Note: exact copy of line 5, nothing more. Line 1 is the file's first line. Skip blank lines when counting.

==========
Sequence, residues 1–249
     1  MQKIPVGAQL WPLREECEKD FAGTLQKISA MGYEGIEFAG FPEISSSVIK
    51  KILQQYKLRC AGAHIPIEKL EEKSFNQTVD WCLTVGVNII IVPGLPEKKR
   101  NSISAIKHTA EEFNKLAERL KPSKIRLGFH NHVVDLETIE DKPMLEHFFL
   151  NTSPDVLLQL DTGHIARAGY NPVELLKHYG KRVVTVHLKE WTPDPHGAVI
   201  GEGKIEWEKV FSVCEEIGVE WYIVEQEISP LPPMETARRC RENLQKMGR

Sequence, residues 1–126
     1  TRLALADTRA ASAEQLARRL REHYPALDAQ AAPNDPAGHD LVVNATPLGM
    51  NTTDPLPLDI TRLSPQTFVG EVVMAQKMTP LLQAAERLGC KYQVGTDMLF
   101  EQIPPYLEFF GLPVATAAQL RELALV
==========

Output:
   151  NTSPDVLLQL DTGHIARAGY NPVELLKHYG KRVVTVHLKE WTPDPHGAVI